Hans ZimmerHenry JackmanMatthew MargesonNoah Sorota
ComposerComposerAdditional MusicAdditional Music
Henri 4
Label: Sony Classical
Length: 61'19 (Score: 52'33)
HZimmer.com rating:        Not yet rated
Fans rating:     rate at 1 out of 5 rate at 2 out of 5 rate at 3 out of 5 rate at 4 out of 5 rate at 5 out of 5   2/5 (13613 votes)
  1. A Destiny Revealed (3:46)
  2. The Huguenots (5:36)
  3. Belle Qui Tiens Ma Vie - Thoinot Arbeau (1:11)
  4. Journey To Paris (1:53)
  5. The Louvre (5:52)
  6. Margot De Valois (2:19)
  7. Bourrée D'Avignonez - Philidor (1:18)
  8. The Wedding (2:27)
  9. The Massacre (1:32)
  10. Mortal Tristura - Le Concert Des Nations (1:45)
  11. Henri's Escape (2:15)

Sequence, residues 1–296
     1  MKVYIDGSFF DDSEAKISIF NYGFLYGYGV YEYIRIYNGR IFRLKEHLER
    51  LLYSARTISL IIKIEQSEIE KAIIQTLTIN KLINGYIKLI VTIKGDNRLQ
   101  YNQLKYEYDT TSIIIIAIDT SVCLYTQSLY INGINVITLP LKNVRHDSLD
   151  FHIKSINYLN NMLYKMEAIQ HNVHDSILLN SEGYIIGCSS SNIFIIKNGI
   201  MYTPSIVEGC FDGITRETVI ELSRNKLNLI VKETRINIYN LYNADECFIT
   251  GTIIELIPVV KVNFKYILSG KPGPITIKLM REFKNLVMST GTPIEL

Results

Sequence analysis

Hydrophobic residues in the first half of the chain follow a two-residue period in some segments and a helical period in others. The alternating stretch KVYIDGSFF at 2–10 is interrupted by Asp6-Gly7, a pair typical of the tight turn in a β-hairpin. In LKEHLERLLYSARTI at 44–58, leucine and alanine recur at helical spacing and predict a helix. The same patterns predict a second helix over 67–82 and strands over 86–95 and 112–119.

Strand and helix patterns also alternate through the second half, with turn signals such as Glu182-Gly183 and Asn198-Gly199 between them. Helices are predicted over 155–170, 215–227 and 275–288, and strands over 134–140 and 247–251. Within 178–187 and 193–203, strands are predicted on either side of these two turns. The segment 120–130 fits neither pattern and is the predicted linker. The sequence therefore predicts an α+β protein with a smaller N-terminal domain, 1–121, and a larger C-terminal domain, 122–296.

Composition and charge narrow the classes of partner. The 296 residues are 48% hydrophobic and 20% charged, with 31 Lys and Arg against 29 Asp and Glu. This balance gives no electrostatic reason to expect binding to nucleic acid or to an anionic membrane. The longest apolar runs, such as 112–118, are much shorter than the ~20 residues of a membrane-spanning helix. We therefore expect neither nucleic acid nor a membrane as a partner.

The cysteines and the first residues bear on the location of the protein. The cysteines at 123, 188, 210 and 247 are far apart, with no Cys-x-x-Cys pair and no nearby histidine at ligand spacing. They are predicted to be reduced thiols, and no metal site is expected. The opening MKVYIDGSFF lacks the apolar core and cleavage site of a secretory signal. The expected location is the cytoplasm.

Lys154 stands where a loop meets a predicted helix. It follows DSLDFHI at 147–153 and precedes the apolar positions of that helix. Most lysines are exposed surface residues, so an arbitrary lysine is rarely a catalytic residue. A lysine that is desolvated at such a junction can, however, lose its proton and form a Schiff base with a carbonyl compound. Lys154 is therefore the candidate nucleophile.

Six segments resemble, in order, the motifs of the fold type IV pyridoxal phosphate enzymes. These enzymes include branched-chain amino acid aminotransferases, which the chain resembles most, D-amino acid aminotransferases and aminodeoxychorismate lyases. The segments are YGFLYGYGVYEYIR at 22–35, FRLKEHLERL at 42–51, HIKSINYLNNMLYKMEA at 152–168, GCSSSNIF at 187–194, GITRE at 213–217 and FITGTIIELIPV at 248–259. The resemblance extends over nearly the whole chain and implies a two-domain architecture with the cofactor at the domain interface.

12. Man Of The People (1:09)
  13. The Edict Of Nantes (5:11)
  14. Te Deum - La Capella Reial De Catalunya (1:34)
  15. Gabrielle D'Estrées (2:57)
  16. The Murder Of Guise (2:24)
  17. Freedom Regained (2:08)
  18. Sarabande & Tambourin - Kassel (1:17)
  19. The King Is Dead, Long Live The King (2:36)
  20. Farewell To A Friend (2:07)
  21. Rosny's Confession (1:50)
  22. Requiem Sequentia - Christobal De Morales (1:39)
  23. Let Reason Rule (2:22)
  24. Marie De Medici (1:10)
  25. A Prophecy Fulfilled (3:01)
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Hybrid Soldier reply Replies: 1 || 2010-05-19 00:00:00
Jackman said he wrote "most of it".

So I guess HZ did some sort of Themes Suite and then let Henry do the score...


Mike (OTM)2018-02-27 19:43:58
This is an old post, and your more recent comment says HZ didn't write anything.....but End Titles is on his page...so which is it? I'm curious.